Delaying the promised increases in the personal allowance and higher rate tax threshold could save significant sums for the Chancellor in the short term. However, it is likely that the promised £12,500 allowance and £50,000 threshold will be in place by the due date of the next election in 2022.
We know that the rent-a-room relief rules will be tightened up from April 2019 although it is not clear how much additional tax this measure will collect.
If the Chancellor is falling well short of his revenue-raising target for this Budget he may be tempted to cut back on pensions tax relief a little. There are numerous ways this could be achieved but he is unlikely to choose to impose a flat rate of tax relief on pension contributions (it would be both controversial and practically difficult to implement). The most likely way to cut down on the cost of this expensive tax relief would be to cut the annual contributions allowance from £40,000 to £30,000 (this would affect far fewer taxpayers).
Duties on alcohol and cigarettes can be expected to increase with the funds raised being spent on the NHS. The Chancellor may also consult on introducing a low rate of duty on vaping fluids that contain nicotine.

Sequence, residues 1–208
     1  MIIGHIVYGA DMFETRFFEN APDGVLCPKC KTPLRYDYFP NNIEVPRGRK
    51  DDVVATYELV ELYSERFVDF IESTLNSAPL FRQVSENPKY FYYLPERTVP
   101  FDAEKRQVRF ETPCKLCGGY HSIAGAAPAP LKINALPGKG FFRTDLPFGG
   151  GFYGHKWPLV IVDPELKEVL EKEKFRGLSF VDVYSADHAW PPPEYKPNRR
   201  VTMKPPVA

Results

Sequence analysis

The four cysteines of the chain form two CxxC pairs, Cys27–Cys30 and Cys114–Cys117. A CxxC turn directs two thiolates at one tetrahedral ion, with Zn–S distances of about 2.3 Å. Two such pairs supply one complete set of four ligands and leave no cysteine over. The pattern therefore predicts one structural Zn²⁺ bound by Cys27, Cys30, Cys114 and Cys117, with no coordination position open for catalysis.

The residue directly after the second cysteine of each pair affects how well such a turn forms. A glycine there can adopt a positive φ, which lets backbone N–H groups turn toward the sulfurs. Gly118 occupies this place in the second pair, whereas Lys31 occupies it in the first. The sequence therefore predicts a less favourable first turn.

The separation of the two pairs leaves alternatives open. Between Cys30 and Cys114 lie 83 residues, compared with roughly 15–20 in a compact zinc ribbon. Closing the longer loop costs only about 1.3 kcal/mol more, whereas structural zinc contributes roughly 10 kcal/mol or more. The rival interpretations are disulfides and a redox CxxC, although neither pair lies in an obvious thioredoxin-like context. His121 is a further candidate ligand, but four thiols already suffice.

It is not a traditional Conservative party approach to tax investors so major changes to capital gains tax (CGT) and existing investment tax reliefs are unlikely. However, the Chancellor may be tempted to cut the dividend nil band to £1,000: this would bring it in line with savings and property income nil bands – these are effectively used as assessing tolerances by HMRC; below these levels it is just not cost effective to try to collect the tax.
Earlier in 2018, the Government floated the ideas to address the current crisis in social care: these included allowing individuals to draw money out of their pension fund tax-free, to cover their care expenses, or creating a ‘Care Isa’ that would be exempt from inheritance tax.
We may see more progress on the Chancellor’s ‘patient capital project’. He might decide that the qualifying periods for all investor tax reliefs should be five years - in line with the recently introduced investors’ relief from CGT and the long established VCT reliefs. Currently the holding period for the EIS and SEIS rules is three years and AIM company shares can qualifying for IHT business property relief after a two year holding period.
There has been media speculation about possible changes to cut back on Entrepreneur’s Relief (ER) from capital gains tax. However, with Brexit on the horizon and business investment already at a low ebb, making investment even less attractive by restricting ER seems a highly unwelcome and unlikely move for a Conservative Chancellor.